B. What happens if fertilisation occurs? • The implanted conceptus begins to produce HCG from the syncitiotrophoblast • HCG is structurally and functionally similar to LH, however, the half life of HCG is 24 hours compared to 30 min for LH • HCG prevents involution of the corpus luteum, even after the pituitary stops secreting LH • HCG levels peak at around 8 – 9 weeks, then decline and plateau at a lower level by 10 weeks. Why? • After 10 weeks, the corpus luteum is no longer required because the placenta can now sufficiently make enough progestogens and oestrogens on its own • Prior to 10 weeks, the placenta is still immature, and hence requires progestogens and oestrogens being produced from the corpus luteum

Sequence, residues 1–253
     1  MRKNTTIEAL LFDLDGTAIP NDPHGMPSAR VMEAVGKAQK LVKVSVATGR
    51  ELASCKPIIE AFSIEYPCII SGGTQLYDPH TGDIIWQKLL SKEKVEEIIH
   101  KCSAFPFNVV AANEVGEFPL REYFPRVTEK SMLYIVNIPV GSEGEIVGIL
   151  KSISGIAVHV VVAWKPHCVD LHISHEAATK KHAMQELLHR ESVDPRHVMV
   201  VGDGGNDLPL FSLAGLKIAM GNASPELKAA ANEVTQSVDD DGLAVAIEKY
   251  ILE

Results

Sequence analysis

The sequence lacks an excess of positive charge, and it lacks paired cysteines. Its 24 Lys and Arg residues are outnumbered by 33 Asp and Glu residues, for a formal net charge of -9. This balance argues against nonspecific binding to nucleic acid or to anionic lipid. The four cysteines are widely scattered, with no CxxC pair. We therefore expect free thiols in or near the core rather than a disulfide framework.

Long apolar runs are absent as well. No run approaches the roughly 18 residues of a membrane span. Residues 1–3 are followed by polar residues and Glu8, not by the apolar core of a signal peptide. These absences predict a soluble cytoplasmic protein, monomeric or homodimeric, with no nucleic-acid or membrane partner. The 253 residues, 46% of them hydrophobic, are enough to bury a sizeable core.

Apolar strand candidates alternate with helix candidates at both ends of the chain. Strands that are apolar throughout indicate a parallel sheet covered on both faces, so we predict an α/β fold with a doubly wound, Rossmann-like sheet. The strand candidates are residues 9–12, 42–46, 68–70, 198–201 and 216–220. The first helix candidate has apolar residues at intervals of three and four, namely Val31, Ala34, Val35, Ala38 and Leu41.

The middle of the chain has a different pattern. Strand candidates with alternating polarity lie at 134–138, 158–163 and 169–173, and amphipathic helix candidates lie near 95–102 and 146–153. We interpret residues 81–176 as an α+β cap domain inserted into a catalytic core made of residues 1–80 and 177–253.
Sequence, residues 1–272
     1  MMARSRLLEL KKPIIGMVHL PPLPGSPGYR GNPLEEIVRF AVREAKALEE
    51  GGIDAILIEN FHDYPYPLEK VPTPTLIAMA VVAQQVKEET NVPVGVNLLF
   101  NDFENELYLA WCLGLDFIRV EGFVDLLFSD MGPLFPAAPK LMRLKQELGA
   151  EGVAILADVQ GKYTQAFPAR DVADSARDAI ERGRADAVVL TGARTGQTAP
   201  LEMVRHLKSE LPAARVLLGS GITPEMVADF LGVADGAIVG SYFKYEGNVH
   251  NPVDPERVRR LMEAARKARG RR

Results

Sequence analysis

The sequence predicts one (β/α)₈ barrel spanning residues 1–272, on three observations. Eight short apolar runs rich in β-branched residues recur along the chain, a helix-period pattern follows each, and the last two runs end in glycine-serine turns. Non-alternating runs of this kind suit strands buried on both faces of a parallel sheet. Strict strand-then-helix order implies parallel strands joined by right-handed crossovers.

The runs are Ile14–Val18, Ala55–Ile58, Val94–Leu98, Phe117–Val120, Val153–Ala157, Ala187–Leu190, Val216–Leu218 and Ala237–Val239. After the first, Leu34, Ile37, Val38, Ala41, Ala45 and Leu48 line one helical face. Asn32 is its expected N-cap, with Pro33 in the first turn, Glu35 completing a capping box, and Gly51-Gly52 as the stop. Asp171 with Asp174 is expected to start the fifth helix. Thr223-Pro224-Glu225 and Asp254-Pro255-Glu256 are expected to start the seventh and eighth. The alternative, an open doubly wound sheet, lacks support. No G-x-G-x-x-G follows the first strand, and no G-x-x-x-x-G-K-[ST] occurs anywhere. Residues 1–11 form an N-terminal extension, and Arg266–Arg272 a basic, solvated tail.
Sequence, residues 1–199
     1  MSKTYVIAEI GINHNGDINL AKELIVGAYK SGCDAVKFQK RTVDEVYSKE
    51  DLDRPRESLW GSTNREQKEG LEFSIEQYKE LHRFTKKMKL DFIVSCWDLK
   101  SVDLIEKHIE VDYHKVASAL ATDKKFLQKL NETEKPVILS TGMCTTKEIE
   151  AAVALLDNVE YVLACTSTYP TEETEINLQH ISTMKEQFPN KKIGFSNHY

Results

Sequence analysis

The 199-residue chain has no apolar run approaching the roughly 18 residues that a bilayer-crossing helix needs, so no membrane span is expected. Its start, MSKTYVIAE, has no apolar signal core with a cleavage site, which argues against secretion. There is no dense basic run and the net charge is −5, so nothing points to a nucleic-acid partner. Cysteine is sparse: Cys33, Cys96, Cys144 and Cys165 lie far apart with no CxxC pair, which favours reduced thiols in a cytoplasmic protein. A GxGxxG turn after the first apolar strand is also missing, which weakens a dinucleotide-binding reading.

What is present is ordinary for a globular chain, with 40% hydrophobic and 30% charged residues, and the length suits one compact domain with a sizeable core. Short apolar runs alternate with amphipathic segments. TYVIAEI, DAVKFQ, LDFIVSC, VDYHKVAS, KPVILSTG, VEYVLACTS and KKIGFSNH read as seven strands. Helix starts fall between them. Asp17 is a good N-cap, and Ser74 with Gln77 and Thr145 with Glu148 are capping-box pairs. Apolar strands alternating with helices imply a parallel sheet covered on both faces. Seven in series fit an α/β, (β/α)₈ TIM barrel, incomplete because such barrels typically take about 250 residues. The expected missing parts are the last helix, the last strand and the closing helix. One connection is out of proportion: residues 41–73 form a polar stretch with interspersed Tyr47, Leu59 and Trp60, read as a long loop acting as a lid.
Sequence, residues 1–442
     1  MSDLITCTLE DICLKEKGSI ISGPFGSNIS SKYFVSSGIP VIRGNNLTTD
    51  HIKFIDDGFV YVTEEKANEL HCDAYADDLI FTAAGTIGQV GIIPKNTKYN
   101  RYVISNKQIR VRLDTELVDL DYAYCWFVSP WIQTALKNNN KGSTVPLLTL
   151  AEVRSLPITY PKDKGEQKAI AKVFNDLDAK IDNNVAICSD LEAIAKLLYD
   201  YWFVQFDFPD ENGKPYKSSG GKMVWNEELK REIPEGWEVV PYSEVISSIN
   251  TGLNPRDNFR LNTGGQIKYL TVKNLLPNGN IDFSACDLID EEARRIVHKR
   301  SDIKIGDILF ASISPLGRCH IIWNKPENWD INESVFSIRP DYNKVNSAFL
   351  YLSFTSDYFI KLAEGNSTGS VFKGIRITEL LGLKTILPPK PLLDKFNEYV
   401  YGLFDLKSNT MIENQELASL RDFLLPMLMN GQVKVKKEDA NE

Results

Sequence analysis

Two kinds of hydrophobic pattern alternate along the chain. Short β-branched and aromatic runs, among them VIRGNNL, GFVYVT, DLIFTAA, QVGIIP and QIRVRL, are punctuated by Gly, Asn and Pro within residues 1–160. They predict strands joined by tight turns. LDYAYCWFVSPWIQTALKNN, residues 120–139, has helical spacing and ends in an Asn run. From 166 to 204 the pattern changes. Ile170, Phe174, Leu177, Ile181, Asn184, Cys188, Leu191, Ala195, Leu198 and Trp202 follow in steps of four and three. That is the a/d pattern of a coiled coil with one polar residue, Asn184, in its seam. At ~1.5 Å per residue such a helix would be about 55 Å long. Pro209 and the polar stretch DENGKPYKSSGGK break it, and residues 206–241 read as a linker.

C. Clinical use of HCG • HCG can be measured (in blood or urine) and used to indicate pregnancy • Abnormal levels of HCG can also be used to identify certain conditions 1. Gestational trophoblastic diseases (hydatidiform mole and choriocarcinoma) result in very high levels of HCG. After surgical removal of these tumors, monitor HCG levels to see if they go down to indicate success of surgery. If no success, may need to consider chemo 2. If the rate of HCG rise is slower compared to normal pregnancy, this may indicate an ectopic pregnancy 2. Human placental lactogen • Single chain polypeptide • Produced by ST in very large amounts • Similar homology to GH • Blood levels correlate well with placental weight. Increases in linear fashion. Once used to measure placental function, but superceded by ultrasound • Functions: • Regulates glucose and amino acid concentrations in maternal blood • Increases lipolysis for placental and foetal use • Suppresses maternal glucose uptake into cells, thus increases glucose in the maternal blood so that the foetus can use it instead. Results in increased insulin production. If severe, may cause gestational diabetes • Others of no importance here 3. Progesterone synthesis • Progesterone is made by both the corpus luteum and placenta, at varying amounts during pregnancy • 3 phases: A. Corpus luteum dependent phase • Only the corpus luteum is producing progesterone • If the corpus luteum is lost, pregnancy cannot be sustained B. Transition phase at 6 – 10 weeks • Progesterone is being made by both the corpus luteum and the placenta C. Placental phase > 10 weeks • Placenta makes sufficient progesterone to sustain pregnancy • Corpus luteum no longer required, and so becomes smaller as a result of reduced levels of HCG at this time • How is progesterone synthesised by the placenta? • By about 6 weeks the placenta produces LDL receptors • LDL (containing cholesterol) from the maternal circulation is taken up by these receptors on the placenta • The cholesterol in the LDL is broken down into progesterone • Progesterone synthesis is not dependent on foetal well being. It is only dependent on the ability of the placenta to take up LDL • Progesterone withdrawal is related to labour onset • The main role of progesterone is maintaining uterine quiescence by: